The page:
Fallen Angels by Marvin J. Wolf and Katherine Mader is described in its subtitle as a chronicle of L.A. (Los Angeles) crime and mystery. Yep, I know that “everybody” knows L.A. stands for Los Angeles but there are those unfamiliar with the United States that might think L.A. is a genre of crime and mystery that involves the use of leather articles (LA) so I wanted to clear that up. This novel fulfills the requirements of a chronicle as it presents true crime accounts from 1847 to 1983. There is a fascinating addendum at the end dated 1987 which provides updates to the earlier reported Thelma Todd mystery. This is crime reporting with many irrefutable facts referenced in an approximately 11-page bibliography. Some may argue this is not a novel due to the reporting of so much factual information. But there are also a lot of unsolved mysteries and possibilities presented. The idea that studios staged crime scenes to protect contract actors may have a basis in truth. The reader will probably question why there was so much time between a death and the report of the death to the police. Because of conjectures, no one knew what really went on in the “missing time” sequences, I call this work a novel.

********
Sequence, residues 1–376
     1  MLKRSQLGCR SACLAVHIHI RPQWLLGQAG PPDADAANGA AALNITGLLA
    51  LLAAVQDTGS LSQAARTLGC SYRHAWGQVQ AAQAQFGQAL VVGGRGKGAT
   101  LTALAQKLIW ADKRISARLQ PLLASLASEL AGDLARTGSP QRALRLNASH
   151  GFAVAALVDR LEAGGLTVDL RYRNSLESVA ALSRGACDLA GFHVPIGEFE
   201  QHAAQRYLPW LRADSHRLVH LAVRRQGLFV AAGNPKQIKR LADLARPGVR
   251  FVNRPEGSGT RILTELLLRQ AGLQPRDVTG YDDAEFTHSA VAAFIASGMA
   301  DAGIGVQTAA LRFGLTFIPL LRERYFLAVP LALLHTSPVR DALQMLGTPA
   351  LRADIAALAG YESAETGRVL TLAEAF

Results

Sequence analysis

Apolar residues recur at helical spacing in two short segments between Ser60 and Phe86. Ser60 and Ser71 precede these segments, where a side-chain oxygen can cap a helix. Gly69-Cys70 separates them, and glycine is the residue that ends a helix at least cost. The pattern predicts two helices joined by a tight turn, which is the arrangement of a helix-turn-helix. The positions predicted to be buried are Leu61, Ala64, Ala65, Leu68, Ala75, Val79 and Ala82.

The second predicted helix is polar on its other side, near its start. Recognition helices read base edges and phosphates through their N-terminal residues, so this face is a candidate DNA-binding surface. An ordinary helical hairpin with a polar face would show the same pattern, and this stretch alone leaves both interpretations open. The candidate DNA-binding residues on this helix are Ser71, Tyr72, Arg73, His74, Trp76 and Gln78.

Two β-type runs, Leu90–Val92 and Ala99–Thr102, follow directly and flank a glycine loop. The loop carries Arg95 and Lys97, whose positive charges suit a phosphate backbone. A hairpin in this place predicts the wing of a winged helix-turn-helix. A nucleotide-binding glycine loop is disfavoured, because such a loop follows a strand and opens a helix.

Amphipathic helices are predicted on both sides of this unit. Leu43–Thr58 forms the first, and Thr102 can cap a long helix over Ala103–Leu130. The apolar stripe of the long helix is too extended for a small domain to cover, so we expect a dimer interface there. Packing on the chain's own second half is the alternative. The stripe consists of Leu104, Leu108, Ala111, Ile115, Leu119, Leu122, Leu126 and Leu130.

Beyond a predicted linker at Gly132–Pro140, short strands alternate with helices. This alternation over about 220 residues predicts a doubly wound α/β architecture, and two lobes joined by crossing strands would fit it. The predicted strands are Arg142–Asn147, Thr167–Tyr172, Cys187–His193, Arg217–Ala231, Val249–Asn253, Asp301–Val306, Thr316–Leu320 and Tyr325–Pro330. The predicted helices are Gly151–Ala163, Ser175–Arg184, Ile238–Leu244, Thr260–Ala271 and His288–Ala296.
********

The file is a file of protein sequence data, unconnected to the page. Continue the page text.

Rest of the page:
I love crime fiction. Better than that are accounts of actual crimes and the clever stratagems that criminals employ to avoid detection. This work provides a review of some of the most famous cases and filled in blanks where my knowledge was incomplete. As a young person in the 50s, my parents and grandparents talked about the scandal that was Fatty Arbuckle. They didn’t talk of specifics to the five-year-old I then was but later, as with this work, details were filled in. The recent demise and publicity surrounding Charles Manson prompted my son to ask me what the big deal was. This work provides publicly available accounts and attempts to find threads that bundle disparate accounts into a “story” that we can read as if it were entertaining fiction.
The work serves a more valuable function for me as it suggests areas for further study. I would never have thought of putting Clarence Darrow and bribes in the same sentence. I’m not quite sure whether I believe in the origins of “the real McCoy,” but the story presented here is entertaining. Readers get a look at the Black Dahlia and information that brings back “The Godfather” in accounts of Bugsy Siegel. Sal Mineo, Patty Hearst, and John Belushi return to mind though the chapter prompts in this work.
My only negative comment goes to proofreading. Not editing, proofreading. It seems to me that from about three-fourths of the book to the end the number of sentence fragments and typos increased. They irritated me enough to highlight them. I have found instances when it was not entirely a fault of the author but had something to do with the format in which I was reading. In one case I withdrew a review when an author pointed out to me what had happened (I had downloaded a work that was later corrected). These obstacles to the flow of reading stopped me from giving the work five stars but the overall reading experience remains enjoyable.